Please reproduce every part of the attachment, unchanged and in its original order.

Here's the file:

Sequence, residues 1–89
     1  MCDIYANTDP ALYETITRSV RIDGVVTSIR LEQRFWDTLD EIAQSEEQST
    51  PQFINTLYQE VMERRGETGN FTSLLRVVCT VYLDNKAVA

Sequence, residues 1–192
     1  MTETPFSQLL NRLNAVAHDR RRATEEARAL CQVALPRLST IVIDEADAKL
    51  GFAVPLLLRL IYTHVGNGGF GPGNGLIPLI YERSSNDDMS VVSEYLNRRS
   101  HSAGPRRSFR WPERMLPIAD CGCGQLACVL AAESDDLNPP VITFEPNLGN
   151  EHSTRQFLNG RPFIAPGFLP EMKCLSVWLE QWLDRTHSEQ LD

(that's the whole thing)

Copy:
Sequence, residues 1–89
     1  MCDIYANTDP ALYETITRSV RIDGVVTSIR LEQRFWDTLD EIAQSEEQST
    51  PQFINTLYQE VMERRGETGN FTSLLRVVCT VYLDNKAVA

Sequence, residues 1–192
     1  MTETPFSQLL NRLNAVAHDR RRATEEARAL CQVALPRLST IVIDEADAKL
    51  GFAVPLLLRL IYTHVGNGGF GPGNGLIPLI YERSSNDDMS VVSEYLNRRS
   101  HSAGPRRSFR WPERMLPIAD CGCGQLACVL AAESDDLNPP VITFEPNLGN
   151  EHSTRQFLNG RPFIAPGFLP EMKCLSVWLE QWLDRTHSEQ LD